Read the article ‘The kindergarten that will change the world’ (Resource Item 9.3) from The Economist of 4th March 1995 (This article is a part update on activities at Toyota which were described in the book The Machine that Changed the World). List the methods that Toyota is employing to remain competitive in the face of the rising value of the yen.
The kindergarten that will change the world
Toyota’s Japanese plants may be fighting a losing battle against the rising yen, but its new manufacturing techniques ¬ this time based around workers as much as machines ¬ will change the car industry yet again.
The first thing you notice is the silence. There is neither the hiss of swooping robots nor the anvil chorus that greets you at every other modern car factory from Wolfsburg to Detroit. Indeed, there are no robots to be seen ¬ no machines heaving engines, banging rivets or clamping doors. Then there is the light: the factory is as bright as a kindergarten, with vividly painted walls. One worker, sitting on a suspended swing like chair, grabs a dashboard suspended from another hook, lowers it into a vehicle and secures it with a few quiet clicks.
The world ‘s first post-modern car factory is making a new four-wheel-drive vehicle called the RAV4 at Toyota City, a manufacturing centre south-west of Tokyo that makes as many cars as the whole French motor industry. The rest of Toyota is watching the RAV4 line, and the rest of the world’s car industry is watching Toyota ¬ for 25 years the international benchmark against which every other company measures itself. The company’s legendary Toyota Production System (TPS) was the basis of the lean-production revolution (everything from just-in-time delivery through total quality management to continuous improvement). The TPS was dubbed `the machine that changed the world Now, under pressure not only from rivals who have copied its techniques but also from the high yen (which has risen by 64% against the dollar since its low point in 1990), Toyota is pushing ahead again ¬ towards a system which, rather than replacing workers with machines, tries more clearly than ever to restrict the machines to doing only those things that make life easier for the workers.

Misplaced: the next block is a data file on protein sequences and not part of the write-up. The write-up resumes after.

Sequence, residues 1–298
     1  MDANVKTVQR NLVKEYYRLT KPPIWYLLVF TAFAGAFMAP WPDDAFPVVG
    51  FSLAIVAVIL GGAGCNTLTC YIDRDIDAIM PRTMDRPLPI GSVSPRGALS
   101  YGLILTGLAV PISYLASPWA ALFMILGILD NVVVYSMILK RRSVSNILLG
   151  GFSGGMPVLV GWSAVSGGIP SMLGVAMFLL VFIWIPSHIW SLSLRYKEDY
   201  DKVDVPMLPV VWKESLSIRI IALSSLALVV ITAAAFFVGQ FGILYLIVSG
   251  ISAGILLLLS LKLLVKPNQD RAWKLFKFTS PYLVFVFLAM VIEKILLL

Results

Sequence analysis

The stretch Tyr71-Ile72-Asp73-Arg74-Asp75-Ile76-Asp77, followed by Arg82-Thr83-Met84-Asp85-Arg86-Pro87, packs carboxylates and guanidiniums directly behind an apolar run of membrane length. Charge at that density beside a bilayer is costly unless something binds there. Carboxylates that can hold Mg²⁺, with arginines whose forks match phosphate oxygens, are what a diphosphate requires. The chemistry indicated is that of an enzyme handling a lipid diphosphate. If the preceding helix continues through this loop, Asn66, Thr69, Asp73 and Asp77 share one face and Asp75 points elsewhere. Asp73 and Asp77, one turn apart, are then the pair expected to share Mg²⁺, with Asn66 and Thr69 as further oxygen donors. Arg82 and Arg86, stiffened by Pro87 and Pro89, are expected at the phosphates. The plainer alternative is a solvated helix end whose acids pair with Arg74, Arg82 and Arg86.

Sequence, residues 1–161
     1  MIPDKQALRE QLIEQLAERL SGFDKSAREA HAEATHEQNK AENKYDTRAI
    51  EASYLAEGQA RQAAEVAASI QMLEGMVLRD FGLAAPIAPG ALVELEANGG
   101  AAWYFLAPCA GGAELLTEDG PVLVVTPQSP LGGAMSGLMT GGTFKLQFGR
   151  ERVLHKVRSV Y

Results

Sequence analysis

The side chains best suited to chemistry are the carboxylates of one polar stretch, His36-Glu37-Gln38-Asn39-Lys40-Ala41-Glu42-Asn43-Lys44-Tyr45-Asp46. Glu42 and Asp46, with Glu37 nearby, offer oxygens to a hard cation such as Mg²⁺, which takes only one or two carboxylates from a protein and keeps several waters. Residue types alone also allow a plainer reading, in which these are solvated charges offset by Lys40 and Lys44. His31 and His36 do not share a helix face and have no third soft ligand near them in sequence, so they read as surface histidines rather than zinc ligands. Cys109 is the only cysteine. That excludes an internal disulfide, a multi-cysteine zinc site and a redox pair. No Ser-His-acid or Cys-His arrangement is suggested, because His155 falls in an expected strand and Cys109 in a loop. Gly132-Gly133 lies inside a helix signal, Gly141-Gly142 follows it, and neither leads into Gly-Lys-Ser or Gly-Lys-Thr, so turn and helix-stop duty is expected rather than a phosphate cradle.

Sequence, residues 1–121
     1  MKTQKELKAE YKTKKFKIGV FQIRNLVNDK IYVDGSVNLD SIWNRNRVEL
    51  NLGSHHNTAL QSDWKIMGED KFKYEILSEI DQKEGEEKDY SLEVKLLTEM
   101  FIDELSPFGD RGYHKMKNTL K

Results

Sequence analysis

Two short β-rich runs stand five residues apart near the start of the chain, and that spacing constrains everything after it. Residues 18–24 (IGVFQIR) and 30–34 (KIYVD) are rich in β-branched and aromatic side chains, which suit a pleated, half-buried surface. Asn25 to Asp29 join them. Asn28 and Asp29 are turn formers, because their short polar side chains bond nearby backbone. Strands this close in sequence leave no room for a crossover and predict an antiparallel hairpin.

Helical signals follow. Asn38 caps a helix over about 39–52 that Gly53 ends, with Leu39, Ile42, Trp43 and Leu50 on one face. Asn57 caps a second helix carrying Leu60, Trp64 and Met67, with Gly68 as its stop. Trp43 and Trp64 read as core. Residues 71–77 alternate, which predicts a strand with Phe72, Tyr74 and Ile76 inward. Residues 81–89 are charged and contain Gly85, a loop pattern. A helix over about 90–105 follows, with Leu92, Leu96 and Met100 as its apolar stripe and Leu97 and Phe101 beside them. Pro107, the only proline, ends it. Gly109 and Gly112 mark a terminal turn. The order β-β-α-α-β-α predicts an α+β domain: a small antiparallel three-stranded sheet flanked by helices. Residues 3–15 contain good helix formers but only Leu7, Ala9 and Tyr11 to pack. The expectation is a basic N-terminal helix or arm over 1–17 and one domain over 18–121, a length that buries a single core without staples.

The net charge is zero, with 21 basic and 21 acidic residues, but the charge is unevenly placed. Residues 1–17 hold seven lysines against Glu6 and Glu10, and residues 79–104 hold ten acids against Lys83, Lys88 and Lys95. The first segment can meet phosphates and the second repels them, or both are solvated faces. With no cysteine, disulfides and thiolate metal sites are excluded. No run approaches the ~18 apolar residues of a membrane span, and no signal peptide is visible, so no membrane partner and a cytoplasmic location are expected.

The RAV4 workers at Toyota City still work around a conventional assembly chain, with car bodies coming along on an overhead conveyor. But the line is subdivided into five parts with buffer zones in between to make the work less stressful; three or four cars at a time enter a given sub-section of the line. Further cars can
come in only when the workers there are ready for them. Workers stand on their own little rubber conveyor belts that follow the car they are working on as it moves through their area. The only other signs of automation are simple rolling devices to move engines and gearboxes in position, so that they can be fitted in without stopping the line